from the encryption-in-the-land-down-under dept
The Australian government doesn’t care much for encryption. It has, for years, tried to legislate encryption out of the picture. A law passed in 2018 gives the government the power to compel encryption-breaking efforts from tech companies.
The law survived a cursory review by the Parliamentary Joint Committee. Its 2021 report said the law was completely legal. And, even though it found oversight of the new encryption-breaking powers was inadequate, the law was a good thing for the government. Very little was said about the people affected by the law or the tech companies being forced to make their offerings less secure in Australia.
As Australian law enforcement sees it, the only people who actually need encrypted services and devices are criminals. And that’s why suspected criminals (who have only been accused of crimes at this point) are being forced to give up their access to encrypted services, as Ariel Bogle reports for ABC (the Australian one) News.
Since late June, Greg Rolles must produce on demand his computer and mobile phone for police inspection, and tell them his passwords.
He is not allowed to use any encrypted messaging apps, like Signal or WhatsApp. He can only have one mobile phone.
And there is a list of 38 people, many of whom are his friends, who he’s not allowed to associate with in any way — even, another activist found, liking a post on social media.
Rolles is allegedly a member of activist group Blockade Australia. The group has been known to engage in highly disruptive protests. Those often involve immobilizing vehicles and equipment. And there have allegedly been incidents where police officers (or at least the vehicles they’re in) have been attacked.
Thanks to a new anti-protest law, the government is able to treat even more innocuous protests in a heavy-handed manner. As this post detailing Blockade and its interaction with the new law notes, some members are being hit with 10-year prison sentences. Others have been arrested for vague violations like “planning to block traffic.”
The bail conditions are equally heavy-handed. As noted above, arrested Blockade members have been forbidden from using encrypted messaging apps or associating with each other. One member found themselves in violation of their bail conditions simply for sending a “thumbs up” emoji in response to a Facebook post by another member. (Bail violation charges were ultimately dropped for this action, but it still involved the person being accosted by police, detained, and booked.)
The restrictions imposed on Rolle have cut him off from the Afghanistan residents his church was providing assistance to. They communicated via WhatsApp, which is no longer an option for Rolle.
But it’s not just WhatsApp and Signal. Plenty of apps (and internet services) utilize encryption. And the bail terms are vague enough it could prevent Rolle and others like him from living somewhat normal lives while out on bail.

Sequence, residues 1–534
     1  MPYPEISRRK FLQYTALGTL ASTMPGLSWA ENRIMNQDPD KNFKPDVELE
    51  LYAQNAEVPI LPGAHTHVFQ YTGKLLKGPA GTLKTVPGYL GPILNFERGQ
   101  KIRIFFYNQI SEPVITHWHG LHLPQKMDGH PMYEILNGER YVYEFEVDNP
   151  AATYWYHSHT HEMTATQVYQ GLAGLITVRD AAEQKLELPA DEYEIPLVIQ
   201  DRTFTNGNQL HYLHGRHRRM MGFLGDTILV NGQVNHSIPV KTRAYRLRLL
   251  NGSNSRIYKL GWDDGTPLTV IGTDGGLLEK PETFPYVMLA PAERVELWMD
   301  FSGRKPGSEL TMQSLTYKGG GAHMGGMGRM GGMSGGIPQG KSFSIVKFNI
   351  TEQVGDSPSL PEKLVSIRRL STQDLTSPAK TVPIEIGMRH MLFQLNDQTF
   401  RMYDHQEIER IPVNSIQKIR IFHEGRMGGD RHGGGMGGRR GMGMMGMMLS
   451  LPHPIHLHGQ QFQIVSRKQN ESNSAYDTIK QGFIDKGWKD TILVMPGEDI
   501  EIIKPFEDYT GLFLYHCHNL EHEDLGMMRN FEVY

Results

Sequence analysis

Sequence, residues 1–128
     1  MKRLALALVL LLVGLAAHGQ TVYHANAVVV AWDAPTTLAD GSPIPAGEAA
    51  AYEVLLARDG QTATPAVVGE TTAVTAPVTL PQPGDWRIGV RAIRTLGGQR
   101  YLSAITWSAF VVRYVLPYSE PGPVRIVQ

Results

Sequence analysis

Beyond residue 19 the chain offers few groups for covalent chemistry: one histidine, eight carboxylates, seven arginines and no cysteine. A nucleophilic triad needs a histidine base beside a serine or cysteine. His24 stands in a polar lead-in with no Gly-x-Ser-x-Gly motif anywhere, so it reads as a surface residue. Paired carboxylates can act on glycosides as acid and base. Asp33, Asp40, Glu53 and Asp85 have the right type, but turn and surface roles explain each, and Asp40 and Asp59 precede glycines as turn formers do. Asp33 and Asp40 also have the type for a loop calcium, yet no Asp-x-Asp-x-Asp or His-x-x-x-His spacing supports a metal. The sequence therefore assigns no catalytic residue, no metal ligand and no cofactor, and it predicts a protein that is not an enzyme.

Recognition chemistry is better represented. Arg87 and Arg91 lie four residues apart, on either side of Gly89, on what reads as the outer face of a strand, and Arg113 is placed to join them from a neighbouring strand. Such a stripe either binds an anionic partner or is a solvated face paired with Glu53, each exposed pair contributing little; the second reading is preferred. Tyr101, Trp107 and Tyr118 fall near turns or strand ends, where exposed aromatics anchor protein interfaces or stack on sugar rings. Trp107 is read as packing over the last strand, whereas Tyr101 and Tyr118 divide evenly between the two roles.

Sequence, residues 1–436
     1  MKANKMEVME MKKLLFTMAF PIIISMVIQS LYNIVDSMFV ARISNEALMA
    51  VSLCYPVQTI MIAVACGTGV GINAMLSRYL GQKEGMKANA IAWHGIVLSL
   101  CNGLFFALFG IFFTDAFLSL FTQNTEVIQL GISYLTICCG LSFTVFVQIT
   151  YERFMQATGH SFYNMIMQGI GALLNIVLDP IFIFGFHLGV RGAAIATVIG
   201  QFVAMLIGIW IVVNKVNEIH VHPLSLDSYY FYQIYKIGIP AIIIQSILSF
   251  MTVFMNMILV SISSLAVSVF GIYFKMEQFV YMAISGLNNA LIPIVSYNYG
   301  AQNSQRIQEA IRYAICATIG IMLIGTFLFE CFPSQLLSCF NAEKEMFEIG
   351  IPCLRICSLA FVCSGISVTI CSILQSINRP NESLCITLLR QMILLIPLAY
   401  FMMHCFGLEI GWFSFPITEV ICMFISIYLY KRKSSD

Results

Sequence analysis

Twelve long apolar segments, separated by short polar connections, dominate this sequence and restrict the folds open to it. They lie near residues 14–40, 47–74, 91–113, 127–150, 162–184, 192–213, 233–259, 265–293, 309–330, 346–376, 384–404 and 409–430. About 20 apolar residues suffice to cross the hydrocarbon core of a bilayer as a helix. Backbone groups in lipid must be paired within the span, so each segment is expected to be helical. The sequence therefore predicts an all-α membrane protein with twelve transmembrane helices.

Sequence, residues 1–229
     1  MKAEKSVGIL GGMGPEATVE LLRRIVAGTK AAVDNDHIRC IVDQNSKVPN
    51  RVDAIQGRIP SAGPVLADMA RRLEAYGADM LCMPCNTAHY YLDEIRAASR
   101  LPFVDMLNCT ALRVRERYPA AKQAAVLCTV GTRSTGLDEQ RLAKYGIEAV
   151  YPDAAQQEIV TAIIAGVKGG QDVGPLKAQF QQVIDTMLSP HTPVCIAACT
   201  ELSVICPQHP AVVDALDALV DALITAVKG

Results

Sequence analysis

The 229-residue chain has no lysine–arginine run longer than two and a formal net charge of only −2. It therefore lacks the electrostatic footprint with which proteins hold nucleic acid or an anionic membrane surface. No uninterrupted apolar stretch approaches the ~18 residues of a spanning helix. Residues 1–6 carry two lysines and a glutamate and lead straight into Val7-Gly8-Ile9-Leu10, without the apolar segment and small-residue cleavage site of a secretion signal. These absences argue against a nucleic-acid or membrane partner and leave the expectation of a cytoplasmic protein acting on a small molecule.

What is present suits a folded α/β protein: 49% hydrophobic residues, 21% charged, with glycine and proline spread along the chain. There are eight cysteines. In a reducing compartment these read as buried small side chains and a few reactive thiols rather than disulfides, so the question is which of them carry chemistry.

Large swathes of the internet are encrypted, which simply means that information is converted into code to protect it from unwanted access. Apps from online banking to streaming services are typically encrypted.
“Encryption is everywhere because it’s a fundamental part of keeping modern communications technology secure and functional,” a spokesperson for Electronic Frontiers Australia said.
“[That includes] essentially any modern device, including laptops, mobile phones, ATMs, TVs, PlayStations, and government websites such as myGov, Medicare, and Centrelink.”
The bail conditions forbid arrestees (who are only accused of crimes at this point) from “possessing an encrypted application/media application.” That covers a lot of ground, especially since so many sites providing services from banking to streaming to news delivery prefer to route users through proprietary apps — apps that generally utilize encryption in one form or another.
Even those who feel the courts’ hearts are in the right place — attempting to prevent the planning of future protests that may be disruptive and/or turn violent — feel these conditions go too far. The head attorney at the Shopfront Youth Legal Centre (Jane Sanders) stated this imposed a possibly unlawful restriction on the rights of people who’ve only been accused of criminal activity.
“To effectively shut down the right to political communication with these conditions, it seems extreme to me,” Ms Sanders said.
Well, as they say, the extremity is the point. The government has already deemed encryption to a tool of criminals and terrorists. The passage of a law increasing punishments for protest-related activity was meant to deter dissent. These new bail conditions drive it home: speak up against the government and/or its favored corporations and you can expect to have your life derailed, your communications severely restricted, and your freedom while bailed eliminated at a moment’s notice.
Filed Under: australia, bail, bail conditions, blockade australia, encryption, greg rolles, protests
Source by www.techdirt.com
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